New Clotting Gel: Turbid Algae Pond

2. November 2015

Vetigel®, a new product, is said to stop bleeding in minutes. Search by doctors for clinical data however come to no avail. It remains at present only available for veterinary applications. Army laboratories are pursuing their own parallel ideas – and have already made it much further down the path.

Regardless of whether it happens at work, in traffic or in combat: in the instance of larger-scale bleeding events there exists, due to the volume of blood lost, a threat of haemorrhagic shock. With serious injury to an extremity, compression bandages or casts are always an option to be used. The challenges presented by internal trauma are not really able to be overcome by emergency action on the spot. During OPs, doctors have options such as haemostats, fibrin fixers or electrocautery available to them. The greater the difficulty of reaching the nearest hospital, the greater is also the mortality rate. For this reason, researchers have long been looking for ways to provide treatment to patients directly on the spot.

Wonder boy using algae extract

The latest achievement: the media present reports on Joe Landolina (22) with great euphoria. He was already experimenting at age 17 in his grandfather’s laboratory with algal extracts and used up a total of 5,000 US dollars in two innovation competitions – a comparatively low base for research projects. Nevertheless, he succeeded in developing Vetigel®. His preparation imitates natural wound healing, writes Landolina in his capacity as new CEO of Suneris. When one sprays the viscous gel onto lesions, a dense network of polysaccharides of vegetable origin immediately forms over the wound. The bleeding is made to stop. At a later point fibrinoblasts are supposed to carry out their additional construction work around this structure, a process already familiar to us in classical wound healing. What’s more, this process according to Suneris is said to be accelerated here; the researchers however are found wanting in providing evidence for their hypothesis. Along with his colleagues, Joe Landolina hopes to contribute to extending capabilities in crisis regions or in response to accidents, in order to keep patients alive for surgical care.

Steak saved from haemorrhage

The story has all the motifs of the typical American dream. With regard to provable facts, the picture seems much less rosy. no publications on Vetigel® PubMed or in similar databases. The developer Joe Landolina also gets no mention. Are there perhaps registered studies on it in Negative! The US food and Drug Administration (FDA) also has no additional information to offer. And now? Landolina is marketing his product exclusively for veterinary use, something presenting significantly lower hurdles. The sum due per application is around 30 US dollars. Whether the patients are only dogs and cats is a matter left to the sole discretion of their owners or carers.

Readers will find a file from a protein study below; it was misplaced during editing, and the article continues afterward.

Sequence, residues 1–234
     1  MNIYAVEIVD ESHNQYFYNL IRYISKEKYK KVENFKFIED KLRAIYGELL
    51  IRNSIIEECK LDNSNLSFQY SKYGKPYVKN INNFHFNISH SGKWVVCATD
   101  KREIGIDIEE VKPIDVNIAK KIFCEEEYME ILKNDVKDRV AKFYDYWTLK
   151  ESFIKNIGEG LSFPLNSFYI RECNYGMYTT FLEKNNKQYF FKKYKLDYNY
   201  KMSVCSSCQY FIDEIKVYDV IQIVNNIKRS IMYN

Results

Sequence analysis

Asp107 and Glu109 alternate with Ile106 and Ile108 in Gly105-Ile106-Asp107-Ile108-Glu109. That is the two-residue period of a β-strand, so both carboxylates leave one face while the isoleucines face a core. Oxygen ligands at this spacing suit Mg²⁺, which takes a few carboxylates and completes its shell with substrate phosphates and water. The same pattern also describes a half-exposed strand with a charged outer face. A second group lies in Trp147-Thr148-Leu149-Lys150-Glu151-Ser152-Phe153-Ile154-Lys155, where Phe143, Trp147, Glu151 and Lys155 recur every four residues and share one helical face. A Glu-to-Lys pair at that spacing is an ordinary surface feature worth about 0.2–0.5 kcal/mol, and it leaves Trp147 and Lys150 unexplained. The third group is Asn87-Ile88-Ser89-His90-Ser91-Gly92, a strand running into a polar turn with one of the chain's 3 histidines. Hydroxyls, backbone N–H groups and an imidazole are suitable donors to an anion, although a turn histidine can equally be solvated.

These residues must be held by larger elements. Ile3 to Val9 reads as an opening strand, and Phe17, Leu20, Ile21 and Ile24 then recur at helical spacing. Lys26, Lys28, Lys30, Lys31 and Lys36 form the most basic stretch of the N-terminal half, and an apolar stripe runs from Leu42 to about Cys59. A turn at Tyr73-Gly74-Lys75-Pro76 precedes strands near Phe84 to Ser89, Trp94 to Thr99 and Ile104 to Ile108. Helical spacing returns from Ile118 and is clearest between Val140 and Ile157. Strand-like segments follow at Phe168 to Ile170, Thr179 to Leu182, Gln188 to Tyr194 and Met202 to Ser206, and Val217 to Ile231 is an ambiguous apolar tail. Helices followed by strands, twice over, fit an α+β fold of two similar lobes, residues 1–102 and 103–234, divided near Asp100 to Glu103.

DocCheck has inquired to Suneris about the extent to which clinical data exists on its effects, as well as on potentially undesired side effects. At the time of this publication an answer had not been given by the company. Postings in the Suneris community also reveal themselves to be amazingly taciturn. Joe Landolina has expressed to US media that FDA officials would be granting him permission for tests on humans as soon as 2016. Whether, or when, one can expect its approval is still a great unknown. In the meantime, Landolina demonstrates via Youtube how steaks can be made to stop bleeding.

Lifesaving mineral

Is Vetigel® in actuality a quantum leap in bleeding treatment? This question is difficult to answer without data. Other companies have been doing research for years and have even brought their own products onto the market. For heavily bleeding wounds, the German Bundeswehr Medical Service relies on QuikClot®. US troops carry along QuikClot Combat Gauze® as part of their supplies. These compresses contain kaolin, which acts to soak up blood. This results in stable blood clots, and in blood loss being minimised. Meanwhile, a number of studies exists on its effects. The inert inorganic material is not absorbed by the body and can stay on the wounds until doctors take over. The manufacturer sees further applications in emergency centres and for police. The only downer: QuikClot® is not suitable for deep bites or gunshot wounds.

Foamy protection

This gap is something researchers at the University of Maryland wish to proverbially fill with an innovative foam. Their preparation is sprayed directly onto lesions, doubles its volume and hardens within a short time. No more blood appears at the site of the wound, as bioplastics and chemically modified chitosan induce clumping. In an experiment involving animals, around 90 percent less blood was lost thanks to the foam. Clinical tests are now supposed to follow. Research projects at the US Defense Advanced Research Projects Agency (DARPA) have managed to get significantly further.

“Internal bleeding is considered the most common cause of potentially survivable deaths on the battlefield”, write DARPA experts in a statement. In order to improve the survival of soldiers with abdominal trauma, paramedics may soon be injecting two fluids into the abdominal cavity of casualties. A rapid-curing foam presses on lesioned vessels and stops bleeding. In animal studies, such blood loss was able to be reduced when compared to another group by one sixth. After three hours, 72 percent of the animals were still alive, compared to eight percent with no foam.

War and peace

Once again it appears that the military’s very own research institutions dictate the line of approach in the field of emergency medicine. Perhaps Joe Landolina has without the multimillion-dollar budget of the army actually discovered a new principle. Let’s wait for the study data.

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